After a juvenile is arrested, they are taken to a juvenile detention center instead of jail. There is no “bail” in the juvenile justice system, so there is no amount of money a juvenile’s parent can pay to get their child out of a juvenile detention facility. Instead of bail, a detention hearing will be held to determine if a juvenile can be released from the detention facility.
What is a juvenile detention hearing?
A juvenile detention hearing is a way for a judge to determine whether a detained juvenile should be kept in the juvenile detention facility or released. A juvenile must be released at a detention hearing unless the judge finds that the juvenile: (1) is likely to abscond; (2) has inadequate supervision; (3) does not have an adult to bring him back to court; (4) is a danger to himself or herself or the public safety; or (5) has previously been adjudicated for an offense and is likely to commit another offense if released.1
If a juvenile is detained in a juvenile detention facility, a detention hearing will be held within two business days after the juvenile has been detained.2 Pursuant to the Texas Family Code, if the juvenile is detained on a Friday or Saturday, the detention hearing must be held on the first business day after detention.3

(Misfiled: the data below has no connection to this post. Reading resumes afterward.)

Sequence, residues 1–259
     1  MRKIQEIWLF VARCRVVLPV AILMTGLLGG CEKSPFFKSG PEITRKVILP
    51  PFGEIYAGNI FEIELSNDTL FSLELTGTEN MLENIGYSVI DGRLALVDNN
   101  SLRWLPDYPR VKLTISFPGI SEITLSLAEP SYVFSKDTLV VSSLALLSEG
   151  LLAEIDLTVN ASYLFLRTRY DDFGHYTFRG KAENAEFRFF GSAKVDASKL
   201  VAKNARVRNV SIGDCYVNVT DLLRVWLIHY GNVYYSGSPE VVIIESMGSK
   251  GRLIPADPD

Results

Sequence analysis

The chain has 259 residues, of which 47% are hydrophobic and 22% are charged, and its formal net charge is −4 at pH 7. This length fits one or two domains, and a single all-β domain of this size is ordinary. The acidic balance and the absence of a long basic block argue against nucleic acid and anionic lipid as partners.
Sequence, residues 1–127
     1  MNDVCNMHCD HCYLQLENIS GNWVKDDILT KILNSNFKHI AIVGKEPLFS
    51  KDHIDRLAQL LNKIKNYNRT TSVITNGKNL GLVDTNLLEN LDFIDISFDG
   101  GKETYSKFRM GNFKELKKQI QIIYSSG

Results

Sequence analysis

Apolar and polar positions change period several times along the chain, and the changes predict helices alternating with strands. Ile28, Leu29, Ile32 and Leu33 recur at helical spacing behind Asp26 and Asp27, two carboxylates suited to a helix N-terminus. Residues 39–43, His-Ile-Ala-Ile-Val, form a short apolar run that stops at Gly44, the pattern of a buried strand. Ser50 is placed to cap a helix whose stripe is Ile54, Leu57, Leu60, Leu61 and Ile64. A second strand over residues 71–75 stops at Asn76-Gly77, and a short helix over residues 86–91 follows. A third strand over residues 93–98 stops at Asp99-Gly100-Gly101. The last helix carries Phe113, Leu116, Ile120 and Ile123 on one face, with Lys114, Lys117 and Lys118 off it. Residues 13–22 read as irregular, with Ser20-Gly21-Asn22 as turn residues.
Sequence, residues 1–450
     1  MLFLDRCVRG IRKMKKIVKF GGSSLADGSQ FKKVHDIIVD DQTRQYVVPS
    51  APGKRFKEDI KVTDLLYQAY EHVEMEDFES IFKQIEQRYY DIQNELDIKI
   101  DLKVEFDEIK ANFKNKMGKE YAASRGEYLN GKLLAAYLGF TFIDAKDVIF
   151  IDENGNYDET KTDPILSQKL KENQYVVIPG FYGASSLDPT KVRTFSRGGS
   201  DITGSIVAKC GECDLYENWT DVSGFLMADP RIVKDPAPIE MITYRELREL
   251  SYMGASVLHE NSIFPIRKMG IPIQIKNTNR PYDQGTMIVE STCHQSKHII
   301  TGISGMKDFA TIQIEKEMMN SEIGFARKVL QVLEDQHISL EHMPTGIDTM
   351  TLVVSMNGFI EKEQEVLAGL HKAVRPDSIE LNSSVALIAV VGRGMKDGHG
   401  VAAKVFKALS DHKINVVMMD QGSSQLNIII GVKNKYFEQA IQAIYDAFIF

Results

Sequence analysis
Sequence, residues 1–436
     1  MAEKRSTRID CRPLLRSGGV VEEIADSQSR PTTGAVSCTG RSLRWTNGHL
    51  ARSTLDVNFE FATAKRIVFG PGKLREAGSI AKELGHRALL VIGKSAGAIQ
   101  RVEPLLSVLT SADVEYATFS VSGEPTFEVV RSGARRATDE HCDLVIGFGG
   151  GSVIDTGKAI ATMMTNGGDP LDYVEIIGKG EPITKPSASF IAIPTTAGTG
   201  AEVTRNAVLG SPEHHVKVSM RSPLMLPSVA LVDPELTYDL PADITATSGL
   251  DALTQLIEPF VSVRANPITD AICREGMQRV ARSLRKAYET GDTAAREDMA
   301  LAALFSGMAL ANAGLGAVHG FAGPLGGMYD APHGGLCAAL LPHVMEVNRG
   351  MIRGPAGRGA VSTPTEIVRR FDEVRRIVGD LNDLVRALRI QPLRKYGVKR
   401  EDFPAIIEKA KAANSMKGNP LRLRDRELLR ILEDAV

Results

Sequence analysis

Juvenile detention hearings will regularly be held while the juvenile is detained. A juvenile is required to have an attorney represent them at these hearings, so it is important to hire a juvenile attorney as soon as possible.4After the initial detention hearing, if the judge decides to keep the juvenile in the detention facility, detention hearings will be held every 10 business days for the entire time the juvenile is in custody.5 The juvenile’s attorney also has the ability to request an additional hearing sooner than 10 business days.
What happens during a juvenile detention hearing?
The juvenile, a probation officer, a prosecutor, and a defense attorney will all be present at the detention hearing. The juvenile’s parents or guardians are not required to be present for the hearing. The court will attempt to locate the juvenile’s parents or guardians, and if the court is unable to locate them, counsel or a guardian ad litem will be appointed for the juvenile.6
The judge will warn the juvenile about his or her rights, and the probation officer will explain the reasons why the juvenile is in a detention facility. The probation officer may read the police report or any violations of probation the juvenile is alleged to have committed. The juvenile’s history with the juvenile justice system will also be reported to the court. Next, the juvenile, the parents, and the attorneys will have an opportunity to talk to the court, and answer questions from the judge. Nothing the juvenile says during the detention hearing can be used at any later hearing.7 After everyone involved has had an opportunity to speak to the court, the judge will make a decision whether the juvenile should be released from the detention facility or held in custody.
If you or a loved one have a juvenile charge, you may be facing serious consequences. Call an experienced juvenile criminal defense attorney. The Law Office of Rick Cofer is available to help and can review your case. Call us today at (512) 200-3801 or contact us through our online form for help and to learn more.